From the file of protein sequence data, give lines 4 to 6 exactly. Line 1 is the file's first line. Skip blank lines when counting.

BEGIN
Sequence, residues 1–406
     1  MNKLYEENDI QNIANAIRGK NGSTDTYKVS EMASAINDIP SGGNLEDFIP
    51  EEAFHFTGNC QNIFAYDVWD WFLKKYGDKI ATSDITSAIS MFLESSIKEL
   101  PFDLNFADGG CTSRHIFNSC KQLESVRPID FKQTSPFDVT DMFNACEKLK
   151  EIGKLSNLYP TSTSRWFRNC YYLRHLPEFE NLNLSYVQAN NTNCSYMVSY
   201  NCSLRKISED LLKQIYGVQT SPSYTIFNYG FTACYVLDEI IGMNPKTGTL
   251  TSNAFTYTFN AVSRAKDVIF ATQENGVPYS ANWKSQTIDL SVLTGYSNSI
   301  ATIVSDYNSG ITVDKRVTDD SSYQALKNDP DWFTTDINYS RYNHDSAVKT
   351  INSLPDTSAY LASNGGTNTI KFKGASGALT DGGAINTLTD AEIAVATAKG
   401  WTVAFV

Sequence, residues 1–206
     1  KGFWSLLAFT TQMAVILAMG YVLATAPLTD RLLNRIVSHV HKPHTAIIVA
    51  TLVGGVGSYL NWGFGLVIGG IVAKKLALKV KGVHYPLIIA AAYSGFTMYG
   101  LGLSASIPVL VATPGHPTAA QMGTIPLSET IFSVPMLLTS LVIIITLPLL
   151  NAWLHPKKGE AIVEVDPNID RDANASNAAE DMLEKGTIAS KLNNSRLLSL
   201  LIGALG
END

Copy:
   101  PFDLNFADGG CTSRHIFNSC KQLESVRPID FKQTSPFDVT DMFNACEKLK
   151  EIGKLSNLYP TSTSRWFRNC YYLRHLPEFE NLNLSYVQAN NTNCSYMVSY
   201  NCSLRKISED LLKQIYGVQT SPSYTIFNYG FTACYVLDEI IGMNPKTGTL